The Dawn of A New Age of Plutocracy
Number 10 must have been wishing that nobody was listening to Radio 4 this morning. Or, at least, that nobody was paying attention.
On a dreary Virgin train up to Manchester, using my phone as a radio, I listened to the Today programme. This was followed by The Jam Generation Takes Power – a relatively light-hearted exploration by Anne McElvoy of the effect of growing up in the 80s on today’s politicians.
Our Chancellor chose to speak about Geoffrey Howe’s 1981 Austerity Budget as a key moment. This is what he had to say:
Could the man really be this dense? Could he really see 1981 as the beginning of “two decades of prosperity”?
The period to which Gideon refers includes not one, but two recessions – one of them the longest since the Great Depression. It includes the Falklands War, two long periods of unemployment above 3 million, the creation of ghost-towns in the Northeast, Northwest, Midlands and Wales. It includes Black Monday, Black Wednesday, an enormous sell-off of public assets, the poll tax riots and the single biggest concentration of mortgage repossessions, filings for insolvencies and personal bankruptcies since records began. Millions of people’s lives were left in ruins, in some cases irreparably.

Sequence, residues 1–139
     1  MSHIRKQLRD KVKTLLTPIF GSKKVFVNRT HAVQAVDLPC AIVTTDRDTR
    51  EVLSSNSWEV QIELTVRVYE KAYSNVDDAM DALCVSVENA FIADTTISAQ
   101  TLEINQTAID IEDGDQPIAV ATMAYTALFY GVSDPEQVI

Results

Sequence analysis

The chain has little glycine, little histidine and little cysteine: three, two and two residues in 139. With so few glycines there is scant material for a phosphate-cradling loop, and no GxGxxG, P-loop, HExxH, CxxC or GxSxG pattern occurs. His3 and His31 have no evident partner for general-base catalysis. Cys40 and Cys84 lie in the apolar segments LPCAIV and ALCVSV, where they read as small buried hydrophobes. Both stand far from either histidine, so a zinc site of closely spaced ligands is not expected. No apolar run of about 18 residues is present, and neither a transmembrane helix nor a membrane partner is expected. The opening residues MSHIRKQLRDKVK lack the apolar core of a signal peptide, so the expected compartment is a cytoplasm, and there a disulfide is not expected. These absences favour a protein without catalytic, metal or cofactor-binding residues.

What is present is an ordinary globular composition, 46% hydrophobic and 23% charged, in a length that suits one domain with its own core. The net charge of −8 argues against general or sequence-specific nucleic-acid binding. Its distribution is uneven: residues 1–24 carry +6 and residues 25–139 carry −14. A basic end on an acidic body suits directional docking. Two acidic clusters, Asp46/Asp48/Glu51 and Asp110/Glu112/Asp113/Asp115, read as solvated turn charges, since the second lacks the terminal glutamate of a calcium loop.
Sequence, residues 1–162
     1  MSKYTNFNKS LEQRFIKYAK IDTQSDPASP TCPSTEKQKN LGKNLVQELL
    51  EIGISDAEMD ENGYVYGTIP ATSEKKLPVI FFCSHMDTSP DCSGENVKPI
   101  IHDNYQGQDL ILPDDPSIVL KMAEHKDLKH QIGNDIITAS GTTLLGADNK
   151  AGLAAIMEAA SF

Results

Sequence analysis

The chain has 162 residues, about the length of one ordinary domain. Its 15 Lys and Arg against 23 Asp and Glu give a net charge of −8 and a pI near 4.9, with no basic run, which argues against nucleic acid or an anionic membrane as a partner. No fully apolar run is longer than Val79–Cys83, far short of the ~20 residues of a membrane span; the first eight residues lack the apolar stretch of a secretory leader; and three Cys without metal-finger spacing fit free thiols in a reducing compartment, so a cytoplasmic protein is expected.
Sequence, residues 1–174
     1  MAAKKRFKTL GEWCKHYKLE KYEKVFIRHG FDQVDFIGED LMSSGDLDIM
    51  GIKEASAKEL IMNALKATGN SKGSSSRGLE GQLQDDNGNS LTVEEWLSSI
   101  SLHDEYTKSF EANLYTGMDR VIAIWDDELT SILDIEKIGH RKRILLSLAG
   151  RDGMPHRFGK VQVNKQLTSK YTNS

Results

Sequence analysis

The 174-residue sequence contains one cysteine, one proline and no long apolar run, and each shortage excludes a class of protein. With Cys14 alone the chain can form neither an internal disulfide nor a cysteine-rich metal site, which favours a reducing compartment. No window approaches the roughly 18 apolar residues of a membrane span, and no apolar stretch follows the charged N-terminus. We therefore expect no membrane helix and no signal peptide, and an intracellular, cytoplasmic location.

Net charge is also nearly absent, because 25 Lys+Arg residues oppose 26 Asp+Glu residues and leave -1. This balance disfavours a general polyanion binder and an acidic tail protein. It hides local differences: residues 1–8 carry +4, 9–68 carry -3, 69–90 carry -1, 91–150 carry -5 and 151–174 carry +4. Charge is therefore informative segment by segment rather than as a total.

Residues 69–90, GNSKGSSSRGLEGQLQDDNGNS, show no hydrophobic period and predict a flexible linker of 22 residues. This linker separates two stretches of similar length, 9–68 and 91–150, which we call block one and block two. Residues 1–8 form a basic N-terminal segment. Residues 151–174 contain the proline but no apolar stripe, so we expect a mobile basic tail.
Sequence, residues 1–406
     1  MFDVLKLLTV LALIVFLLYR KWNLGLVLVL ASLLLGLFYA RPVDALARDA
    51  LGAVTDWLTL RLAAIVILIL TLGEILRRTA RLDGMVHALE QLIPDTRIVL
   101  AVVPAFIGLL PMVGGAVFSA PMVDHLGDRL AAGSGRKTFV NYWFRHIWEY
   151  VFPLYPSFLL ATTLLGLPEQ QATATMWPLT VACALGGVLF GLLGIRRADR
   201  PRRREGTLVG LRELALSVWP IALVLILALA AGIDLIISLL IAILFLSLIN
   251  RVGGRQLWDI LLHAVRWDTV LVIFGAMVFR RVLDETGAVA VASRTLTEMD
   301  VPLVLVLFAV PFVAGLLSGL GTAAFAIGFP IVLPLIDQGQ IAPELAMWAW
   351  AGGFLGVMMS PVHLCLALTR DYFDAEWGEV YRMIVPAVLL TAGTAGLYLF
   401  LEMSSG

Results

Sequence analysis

The point, however, is this: The 80s and 90s were, in fact, two very good decades for a select few. People with ready cash made a killing in the property market, buying repossessed homes. Private corporations bought public utilities and railways for peanuts. George Soros made a very cool $1 billion out of the devaluing of Sterling on Black Wednesday.
And so, Osborne reveals something quite fundamental with his statement. It is not pure incompetence or stupidity that is driving this government’s economic policy. It is also the fact that its aims are plutocratic in nature. They stem from a radically alternative experience of two whole decades.
He wants to emulate Howe (or at least emulate his perception of Howe) – a brave Chancellor making difficult decisions which will mark the start of two decades of prosperity. Prosperity, that is, for Cameron, Osborne, Clegg and the rest of the millionaires in the cabinet; for their rich families; for their Bullingdon Club and public school buddies. Not prosperity for you and me.
To paraphrase Dickens, it will be the best of times and the worst of times. Depending on how much capital you have tucked away to begin with.